Top stories from January: How challenging assumptions leads to breakthroughs
January 31, 2017
January 31, 2017
Renowned professor and biologist Uri Alon once said, “In order to discover something truly new, at least one of your basic assumptions has to change.” This creative and outside-the-box thinking that scientific discovery demands is not an easy feat to achieve. It requires us to abandon a preconceived notion and embrace a new framework for looking at a problem.
From clean energy and virtual reality to artificial intelligence and American football, as we wrap up the first month of the new year, the stories we’re loving exemplify this spirit of challenging basic assumptions to solve the world’s biggest problems.
IV discoveries in the news:
On Nova PBS this month, Nathan Myhrvold shared his views on the future of global energy demand and how to innovate the next generation of nuclear power.
This month, IV’s Global Good worked with the Food and Agriculture Organization of the United Nations to deliver more than 5000 Mazzi™ containers, which provide clean and effective storage of milk, to the farmers in eight regions of Ethiopia.
IV spinout Evolv Technology developed a new security scanner using AI technology that can check 800 people per hour securely, streamline flying, and eliminate those pesky airport security lines once and for all.
As we prepare for Super Bowl Sunday, IV scientists teamed up to patent a new high-tech football helmet that would make the game safer for all your favorite players.
IV spinout Xinova announced a collaboration with San Francisco-based Aetho that could create new tools for augmented and virtual reality.
Metamaterials – or what Nathan Myhrvold once called “the closest thing to magic” – populated tech news this month, making the Xconomy Top Stories of 2016 list and helping IV spinout Kymeta bring high-speed connectivity to civilian armored vehicles. Learn more about the new tech with applications limited only by the imagination.
Trailblazers making big waves:
Hidden Figures recently hit the big screen, triggering a nationwide discussion about the role of women in STEM and how NASA women mathematicians helped blaze a trail for scientists of all backgrounds.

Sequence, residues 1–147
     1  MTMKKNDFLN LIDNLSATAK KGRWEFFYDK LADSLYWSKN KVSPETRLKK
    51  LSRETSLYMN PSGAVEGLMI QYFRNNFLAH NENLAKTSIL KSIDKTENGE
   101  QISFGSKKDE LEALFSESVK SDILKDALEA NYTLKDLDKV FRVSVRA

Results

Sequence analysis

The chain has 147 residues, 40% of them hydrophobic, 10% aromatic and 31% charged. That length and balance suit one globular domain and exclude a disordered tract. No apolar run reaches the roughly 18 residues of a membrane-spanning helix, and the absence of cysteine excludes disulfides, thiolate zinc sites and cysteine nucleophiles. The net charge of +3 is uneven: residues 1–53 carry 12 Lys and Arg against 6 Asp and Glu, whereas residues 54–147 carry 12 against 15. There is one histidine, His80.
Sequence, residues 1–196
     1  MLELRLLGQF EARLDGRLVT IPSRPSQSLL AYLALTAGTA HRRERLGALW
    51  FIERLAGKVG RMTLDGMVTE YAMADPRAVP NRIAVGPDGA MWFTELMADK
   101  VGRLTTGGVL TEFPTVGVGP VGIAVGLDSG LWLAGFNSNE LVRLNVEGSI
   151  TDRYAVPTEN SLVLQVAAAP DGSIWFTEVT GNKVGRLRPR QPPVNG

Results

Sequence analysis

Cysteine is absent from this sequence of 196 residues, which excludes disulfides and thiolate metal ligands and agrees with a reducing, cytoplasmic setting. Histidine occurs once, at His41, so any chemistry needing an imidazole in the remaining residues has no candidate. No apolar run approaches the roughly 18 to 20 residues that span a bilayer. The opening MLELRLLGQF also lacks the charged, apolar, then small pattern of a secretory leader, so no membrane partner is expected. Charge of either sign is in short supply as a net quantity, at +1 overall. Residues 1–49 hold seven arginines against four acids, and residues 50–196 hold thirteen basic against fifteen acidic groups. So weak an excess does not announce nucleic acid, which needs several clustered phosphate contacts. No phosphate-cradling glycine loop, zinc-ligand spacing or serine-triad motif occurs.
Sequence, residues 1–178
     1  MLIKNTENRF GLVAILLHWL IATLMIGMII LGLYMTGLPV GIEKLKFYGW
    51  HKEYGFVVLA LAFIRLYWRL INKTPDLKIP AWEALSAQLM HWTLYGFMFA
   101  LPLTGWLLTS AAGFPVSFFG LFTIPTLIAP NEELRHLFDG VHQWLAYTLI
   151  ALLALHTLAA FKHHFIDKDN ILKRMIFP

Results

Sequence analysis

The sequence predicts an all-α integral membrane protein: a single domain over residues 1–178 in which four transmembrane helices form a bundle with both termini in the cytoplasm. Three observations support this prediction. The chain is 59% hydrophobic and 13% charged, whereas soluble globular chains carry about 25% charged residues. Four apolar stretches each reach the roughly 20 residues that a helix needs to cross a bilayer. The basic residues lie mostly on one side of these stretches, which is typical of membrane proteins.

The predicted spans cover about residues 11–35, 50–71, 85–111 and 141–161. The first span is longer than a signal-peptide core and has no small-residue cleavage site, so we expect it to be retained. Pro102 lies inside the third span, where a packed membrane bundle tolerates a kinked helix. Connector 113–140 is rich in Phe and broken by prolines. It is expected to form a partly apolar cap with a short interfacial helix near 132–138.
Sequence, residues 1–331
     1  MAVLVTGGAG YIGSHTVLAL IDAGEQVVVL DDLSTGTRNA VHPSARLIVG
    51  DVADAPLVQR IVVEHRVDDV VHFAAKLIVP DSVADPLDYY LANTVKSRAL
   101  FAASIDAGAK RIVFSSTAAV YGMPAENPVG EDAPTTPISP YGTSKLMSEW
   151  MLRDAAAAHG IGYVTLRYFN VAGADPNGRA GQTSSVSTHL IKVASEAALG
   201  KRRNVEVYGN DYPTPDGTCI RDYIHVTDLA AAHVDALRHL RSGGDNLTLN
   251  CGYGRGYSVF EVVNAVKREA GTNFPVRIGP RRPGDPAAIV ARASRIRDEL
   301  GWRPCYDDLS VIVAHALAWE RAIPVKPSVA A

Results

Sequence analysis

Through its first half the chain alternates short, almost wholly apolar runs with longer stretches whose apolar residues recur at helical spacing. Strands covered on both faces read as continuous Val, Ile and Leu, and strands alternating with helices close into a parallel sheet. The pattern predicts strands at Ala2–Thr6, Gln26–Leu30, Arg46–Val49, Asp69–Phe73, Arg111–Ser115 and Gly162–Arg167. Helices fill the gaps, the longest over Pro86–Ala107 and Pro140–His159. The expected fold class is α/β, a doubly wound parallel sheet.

The 2017 Regeneron Science Talent Search scholars represent our nation’s best and brightest, working to develop innovative solutions to real-world problems through science and research.
This month, MIT published a list of its top five predictions for artificial intelligence in 2017 covering everything from China’s AI boom to dueling neural networks.
These two sisters inspired their peers to pursue STEM when they sent a weather balloon to space. “I hope that more kids, especially girls, follow paths and do projects like ours in STEM,” remarked one of the sisters. “And I hope our projects teach them that they can do whatever they want if they put their heart into it.”
From the notion that we can manipulate electromagnetic waves, to the idea that innovation can solve our global power demand, to the concept that a high-tech milk storage device can help farmers around the world, ideas that seek to transform lives require a change of vantage point. January’s top news stories prove that if we can look at problems in a new light and challenge commonly held conceptions, we can bring transformative ideas to life.
A new study by Global Good and its partners explores how reinventing two common household items—the window and door—could save lives by keeping pesky mosquitoes out of African homes.Read More
In a new study published in the journal Icarus, Nathan argues that astronomers don’t have as good a handle on the size and other physical characteristics of asteroids as they previously thought.Read More
The World Health Organization-approved eLearning tool can be used regardless of Internet access.Read More